Panda En Route to Becoming a Mom, Thanks to Artificial Insemination

Scientists will continue to monitor Mei Xiang to determine whether she is pregnant.

Thanks to artificial insemination, this giant panda is one step closer to becoming a mom.

Mei Xiang, a panda at the Smithsonian’s National Zoo in Washington D.C., had the procedure performed last month by a team of veterinarians, scientists and zookeepers.

The National Zoo announced Thursday that the insemination was performed, and the team will continue to monitor the 20-year-old panda’s health for the next several months to determine whether she is pregnant.

“Hopefully, we will have a healthy cub and celebrate another conservation success for the zoo and this vulnerable species,” National Zoo director Steve Monfort said in a statement.

Every year, there are only 24 to 72 hours during which a female panda can conceive.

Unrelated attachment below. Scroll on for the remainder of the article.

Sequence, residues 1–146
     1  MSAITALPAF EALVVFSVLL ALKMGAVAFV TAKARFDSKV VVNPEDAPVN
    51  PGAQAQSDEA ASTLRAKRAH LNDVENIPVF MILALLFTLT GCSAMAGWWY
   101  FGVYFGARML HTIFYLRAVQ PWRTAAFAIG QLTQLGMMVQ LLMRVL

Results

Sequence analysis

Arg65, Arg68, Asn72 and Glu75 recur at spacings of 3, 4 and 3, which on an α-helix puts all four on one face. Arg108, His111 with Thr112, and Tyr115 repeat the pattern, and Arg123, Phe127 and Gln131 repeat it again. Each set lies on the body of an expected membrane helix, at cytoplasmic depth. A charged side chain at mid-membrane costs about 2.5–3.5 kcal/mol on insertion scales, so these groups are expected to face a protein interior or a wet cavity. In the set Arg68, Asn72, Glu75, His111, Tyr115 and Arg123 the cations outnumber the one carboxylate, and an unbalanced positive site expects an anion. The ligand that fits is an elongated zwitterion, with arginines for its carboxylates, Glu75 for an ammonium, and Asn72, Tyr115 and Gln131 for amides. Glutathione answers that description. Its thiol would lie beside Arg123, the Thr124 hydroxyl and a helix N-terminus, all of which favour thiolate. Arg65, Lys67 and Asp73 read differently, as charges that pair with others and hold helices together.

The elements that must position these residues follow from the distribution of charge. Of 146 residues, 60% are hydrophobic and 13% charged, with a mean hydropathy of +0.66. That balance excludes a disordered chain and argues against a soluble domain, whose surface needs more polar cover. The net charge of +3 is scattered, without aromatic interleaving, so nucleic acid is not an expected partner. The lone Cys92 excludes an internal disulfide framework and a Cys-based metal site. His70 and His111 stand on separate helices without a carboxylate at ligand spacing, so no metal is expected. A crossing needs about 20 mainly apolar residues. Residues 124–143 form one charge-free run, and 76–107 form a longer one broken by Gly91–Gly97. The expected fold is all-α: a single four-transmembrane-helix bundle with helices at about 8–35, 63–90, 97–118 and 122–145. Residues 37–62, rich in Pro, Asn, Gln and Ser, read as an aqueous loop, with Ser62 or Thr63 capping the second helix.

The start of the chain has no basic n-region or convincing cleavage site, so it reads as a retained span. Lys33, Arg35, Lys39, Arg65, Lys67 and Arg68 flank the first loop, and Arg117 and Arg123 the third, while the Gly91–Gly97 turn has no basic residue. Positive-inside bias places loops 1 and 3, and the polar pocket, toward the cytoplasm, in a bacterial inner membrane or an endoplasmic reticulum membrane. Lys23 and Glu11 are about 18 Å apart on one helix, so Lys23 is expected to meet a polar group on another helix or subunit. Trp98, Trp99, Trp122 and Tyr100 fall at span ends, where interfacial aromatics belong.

When zookeepers began noticing Mei Xiang and her mate Tian Tian were signaling they were ready to mate, the team in charge of the artificial insemination acted quickly.

“Mei Xiang has become increasingly restless, wandering her yard, scent-marking and vocalizing — all behaviors that increase in intensity before she reaches peak estrus,” Monfort said. “Tian Tian immediately noticed the hormonal changes in Mei Xiang and began displaying behaviors toward her indicating that he was ready to breed as well.”

Because it is impossible to determine if a female panda is pregnant from hormone analysis or behavior, researchers will perform ultrasounds regularly to monitor if a fetus is developing.

“Our team worked seamlessly to give Mei Xiang and Tian Tian the best chance to contribute to their species’ survival,” Monfort said.

Giant pandas were once listed as “endangered” by the International Union for Conservation of Nature, but thanks to successful breeding efforts for the species, they were taken off the list in 2016 and are now listed as “vulnerable.”